Eight months after assuming office, Phoenix Mayor Greg Stanton is still enjoying a honeymoon. That means he's making the honeymoon last. So much for critics who thought he was just a pretty face. The contrast with Phil Gordon, his poignantly snakebit predecessor, is striking. Stanton can routinely speak in complete sentences and articulate coherent thoughts. Becoming the 52nd mayor of Phoenix hasn't caused Stanton to shelve his appealing nature. People who talk to me about the mayor use words such as "smart," "easy going," "open" and "welcomes new ideas." He remembers people's names and what they've been working on. His human touch and emotional intelligence are genuine, not the surface happy talk of a politician.
I was concerned about the "biosciences" bone tossed to Desert Ridge when so much needs to be done for the real biosciences campus downtown, the one site that could be a real game-changer for Phoenix. But my sources involved in downtown, light rail and sustainability aren't worried, so good on Stanton. Another concern was Stanton taking the lead among mayors on backing military spending, when Phoenix needs a spokesman on so many more compelling and productive issues. But this seems to be part of his effort to make regional cooperation a priority (good luck with that).
Stepping back, probably the best way to see Stanton so far is that he's doing a good job of getting his feet under him in a race that's already moving fast and carrying huge stakes.
His response to the first crisis to hit Phoenix since his swearing in shows promise. I'm speaking of Doug Parker's longstanding lust to merge USAirways and move the headquarters, a deal that could even significantly downsize the hub at Sky Harbor. Parker has his cap set on American Airlines. Tempe is toast: The headquarters and those good jobs — in a place with too few of them — will go to Dallas-Fort Worth. But Stanton appears to have made an effective case to Parker to retain the hub, which is a big jobs engine for Phoenix (again thinking regionally, he worked with Tempe Mayor Mark Mitchell).
Another good sign is that Stanton intends to visit the top 100 employers in the city this year. Economic development is a huge weak spot for Phoenix, which lags far behind its peer cities. The suburbs continue to spend money luring away Phoenix assets (regionalism only works one way), and to read the Republic one would think all the promising startups are in the 'burbs. Ominously, Intel is planning to spend $300 million on an R&D operation in Chandler. Tempe snagged another, much smaller, research facility. In a healthier, more economically dynamic metro, it might be one-for-all and all-for-one, but that's not true in Phoenix. If the city can't keep up, particularly in growing a quality economy, it will see its share of the pie keep shrinking as its costs — with most of the region's poor, aging infrastructure, 500 square miles, etc. — continue to rise. To his credit, Stanton has gone on prospecting missions to Silicon Valley and Mexico instead of Dubai.
A big question is whether Stanton can persuade City Council and work himself to continue downtown's improvement and address the massive lost opportunity that is the Central Corridor. The ASU downtown campus, the second largest in the, er, don't call it a system...anyway, this shows how central location, light rail and even semi-quality place making can pay off. Downtown and the Central Corridor are Phoenix's biggest areas of promise, the assets that the bloated suburbs can't offer. But only if issues such as land-banking, blight, lack of private investment, lack of shade trees and falling jobs numbers are aggressively addressed. Without a great central core, no city councilman's district will ultimately succeed.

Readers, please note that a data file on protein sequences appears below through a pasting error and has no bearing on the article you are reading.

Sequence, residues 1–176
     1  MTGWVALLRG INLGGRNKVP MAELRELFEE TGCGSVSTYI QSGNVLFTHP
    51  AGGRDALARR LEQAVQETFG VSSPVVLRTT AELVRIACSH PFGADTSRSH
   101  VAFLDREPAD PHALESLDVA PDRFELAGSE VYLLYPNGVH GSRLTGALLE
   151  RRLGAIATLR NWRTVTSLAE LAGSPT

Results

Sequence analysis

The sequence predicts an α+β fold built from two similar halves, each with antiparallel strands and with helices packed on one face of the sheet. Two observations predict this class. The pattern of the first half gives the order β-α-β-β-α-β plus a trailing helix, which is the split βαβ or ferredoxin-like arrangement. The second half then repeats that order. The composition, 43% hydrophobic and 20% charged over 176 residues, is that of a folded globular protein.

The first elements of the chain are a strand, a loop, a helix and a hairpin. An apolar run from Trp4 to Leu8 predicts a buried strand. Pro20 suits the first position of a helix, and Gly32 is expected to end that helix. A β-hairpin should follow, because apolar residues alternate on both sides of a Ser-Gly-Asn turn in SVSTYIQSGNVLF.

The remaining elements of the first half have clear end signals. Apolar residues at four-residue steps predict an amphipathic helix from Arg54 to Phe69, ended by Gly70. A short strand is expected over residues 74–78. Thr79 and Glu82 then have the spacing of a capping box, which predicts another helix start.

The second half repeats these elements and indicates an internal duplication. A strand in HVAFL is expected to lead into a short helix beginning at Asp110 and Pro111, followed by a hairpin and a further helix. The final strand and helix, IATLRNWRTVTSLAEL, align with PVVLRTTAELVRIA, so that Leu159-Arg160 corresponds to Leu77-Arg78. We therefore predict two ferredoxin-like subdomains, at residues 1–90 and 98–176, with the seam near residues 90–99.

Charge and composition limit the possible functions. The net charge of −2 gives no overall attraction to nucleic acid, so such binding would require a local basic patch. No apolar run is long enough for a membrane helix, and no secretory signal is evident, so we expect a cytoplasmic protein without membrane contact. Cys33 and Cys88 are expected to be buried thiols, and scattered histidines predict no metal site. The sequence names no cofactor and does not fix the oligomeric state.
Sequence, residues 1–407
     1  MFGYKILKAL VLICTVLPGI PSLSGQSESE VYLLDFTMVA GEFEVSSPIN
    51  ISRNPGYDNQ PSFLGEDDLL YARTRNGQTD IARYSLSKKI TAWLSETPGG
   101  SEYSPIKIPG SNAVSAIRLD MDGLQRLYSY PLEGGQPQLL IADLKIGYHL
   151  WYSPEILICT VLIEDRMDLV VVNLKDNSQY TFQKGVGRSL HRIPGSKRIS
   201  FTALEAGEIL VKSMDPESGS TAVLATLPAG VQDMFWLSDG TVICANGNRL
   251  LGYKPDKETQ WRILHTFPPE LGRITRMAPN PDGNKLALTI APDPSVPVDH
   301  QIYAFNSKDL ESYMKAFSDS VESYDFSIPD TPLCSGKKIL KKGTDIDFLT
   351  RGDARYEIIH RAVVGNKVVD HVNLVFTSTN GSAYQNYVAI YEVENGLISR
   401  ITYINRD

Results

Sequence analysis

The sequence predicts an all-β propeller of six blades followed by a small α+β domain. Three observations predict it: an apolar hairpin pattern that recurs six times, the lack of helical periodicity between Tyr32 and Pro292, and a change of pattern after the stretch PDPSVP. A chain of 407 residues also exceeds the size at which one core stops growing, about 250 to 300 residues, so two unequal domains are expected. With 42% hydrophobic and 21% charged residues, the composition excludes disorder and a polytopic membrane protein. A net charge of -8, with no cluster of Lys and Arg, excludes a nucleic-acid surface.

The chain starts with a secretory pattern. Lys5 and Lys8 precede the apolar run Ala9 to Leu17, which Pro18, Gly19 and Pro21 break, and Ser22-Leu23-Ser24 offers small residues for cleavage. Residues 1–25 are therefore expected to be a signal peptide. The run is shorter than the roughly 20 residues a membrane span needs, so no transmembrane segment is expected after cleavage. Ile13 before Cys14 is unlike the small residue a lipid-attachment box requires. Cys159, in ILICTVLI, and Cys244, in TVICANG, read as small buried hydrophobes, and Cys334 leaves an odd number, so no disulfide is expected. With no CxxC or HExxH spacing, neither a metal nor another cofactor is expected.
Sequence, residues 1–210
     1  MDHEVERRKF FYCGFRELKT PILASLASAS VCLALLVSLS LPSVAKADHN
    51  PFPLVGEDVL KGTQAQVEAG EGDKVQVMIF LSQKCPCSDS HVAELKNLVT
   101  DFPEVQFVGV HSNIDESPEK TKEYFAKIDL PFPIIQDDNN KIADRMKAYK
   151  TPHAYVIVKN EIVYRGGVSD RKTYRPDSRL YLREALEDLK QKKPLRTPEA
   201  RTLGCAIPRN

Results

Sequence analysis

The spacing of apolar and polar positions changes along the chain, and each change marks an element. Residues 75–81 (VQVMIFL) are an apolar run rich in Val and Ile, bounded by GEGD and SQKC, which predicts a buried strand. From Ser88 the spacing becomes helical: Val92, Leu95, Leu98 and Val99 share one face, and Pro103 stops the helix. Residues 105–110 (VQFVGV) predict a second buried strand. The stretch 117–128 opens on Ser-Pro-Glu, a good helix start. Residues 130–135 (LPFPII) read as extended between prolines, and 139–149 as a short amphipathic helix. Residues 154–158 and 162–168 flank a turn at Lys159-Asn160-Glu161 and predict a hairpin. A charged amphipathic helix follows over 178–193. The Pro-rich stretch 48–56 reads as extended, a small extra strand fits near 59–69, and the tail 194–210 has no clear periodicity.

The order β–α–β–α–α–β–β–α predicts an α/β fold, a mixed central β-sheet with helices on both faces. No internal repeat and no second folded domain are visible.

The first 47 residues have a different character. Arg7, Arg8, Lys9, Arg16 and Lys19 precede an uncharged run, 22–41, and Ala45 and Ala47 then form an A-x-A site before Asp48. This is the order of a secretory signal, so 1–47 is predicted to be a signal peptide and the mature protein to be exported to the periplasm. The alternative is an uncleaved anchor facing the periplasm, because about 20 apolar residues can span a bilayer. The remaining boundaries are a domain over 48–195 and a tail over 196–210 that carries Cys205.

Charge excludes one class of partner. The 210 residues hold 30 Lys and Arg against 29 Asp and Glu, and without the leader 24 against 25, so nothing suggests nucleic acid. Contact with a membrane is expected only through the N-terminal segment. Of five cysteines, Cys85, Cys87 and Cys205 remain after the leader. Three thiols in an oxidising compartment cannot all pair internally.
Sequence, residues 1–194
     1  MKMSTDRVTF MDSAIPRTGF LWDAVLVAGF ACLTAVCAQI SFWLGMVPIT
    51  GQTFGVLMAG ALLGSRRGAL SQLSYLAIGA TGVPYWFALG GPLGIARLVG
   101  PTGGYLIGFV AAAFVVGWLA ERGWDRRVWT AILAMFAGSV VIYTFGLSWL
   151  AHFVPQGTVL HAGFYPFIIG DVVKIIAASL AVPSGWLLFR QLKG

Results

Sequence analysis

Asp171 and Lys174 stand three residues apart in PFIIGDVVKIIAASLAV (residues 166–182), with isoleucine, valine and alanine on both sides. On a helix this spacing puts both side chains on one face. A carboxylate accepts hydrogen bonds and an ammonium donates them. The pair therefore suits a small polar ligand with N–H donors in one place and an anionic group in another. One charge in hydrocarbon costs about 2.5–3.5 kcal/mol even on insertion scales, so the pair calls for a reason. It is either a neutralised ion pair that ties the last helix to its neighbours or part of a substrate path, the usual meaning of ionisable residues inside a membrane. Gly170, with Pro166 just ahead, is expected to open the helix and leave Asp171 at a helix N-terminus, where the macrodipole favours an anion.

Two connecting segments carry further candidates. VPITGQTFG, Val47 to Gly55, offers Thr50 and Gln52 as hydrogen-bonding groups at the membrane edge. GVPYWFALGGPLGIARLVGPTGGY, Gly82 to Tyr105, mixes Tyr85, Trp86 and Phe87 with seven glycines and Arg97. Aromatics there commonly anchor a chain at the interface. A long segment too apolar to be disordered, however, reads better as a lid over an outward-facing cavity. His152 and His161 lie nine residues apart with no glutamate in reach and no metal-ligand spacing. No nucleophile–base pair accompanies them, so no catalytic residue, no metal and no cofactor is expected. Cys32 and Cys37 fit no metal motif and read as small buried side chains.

So give Stanton a solid A. I will resist the urge to make it A-minus for the military shilling.
Unfortunately, he faces problems largely out of his control. This young, appealing big-city mayor isn't the face of Arizona. That distinction belongs to the fright masks of Jan Brewer and the Badged Ego.
The nation and the world read of the state's racism and craziness, not an open-minded leader of a tolerant and diverse city. Draconian/absurd restrictions on women's reproductive freedom, fighting domestic partner benefits, denying DREAM young people to spite President Obama — these are what make the big headlines out of state. Contrary to the boosters, the Jim Crow SB 1070 has badly snuffed the convention business — and who gets hurt worst? Phoenix. The ultra-extremism of the suburban right and Kookocracy at the capitol make any quality business think more than twice about investing here (Intel has huge sunk costs from a less extreme era and Craig Barrett's affection for the place). Who gets slammed hardest? Phoenix. International business and even tourists shy away from a state known for hate, however different the capital city itself is. Meanwhile, the Kooks' obsession with underfunding the public schools and the ascendency of the charter school racket helps whack the rungs out of the ladder of opportunity desperately needed in a city with a large underclass.
In addition, the Legislature is hostile to cities, especially Phoenix. Kook legislators rejoice in Phoenix declining into "the Mexican Detroit" and would love to see airlines move out to Gateway. In such a climate, how could any mayor get state support for, say, desperately needed commuter rail? It would be heavy lifting to prevent the worthy solons from doing everything they can to impede it, as they did with light rail (WBIYB). All of this puts Phoenix at a critical disadvantage in attracting young, educated people, the creative class in general, and the investment to punch at its weight class in the world economy.
Stanton was not spouting hyperbole when he campaigned on Phoenix being at a turning point. So let's all hope the honeymoon lasts and extends into an era of big accomplishment. The alternative is ugly.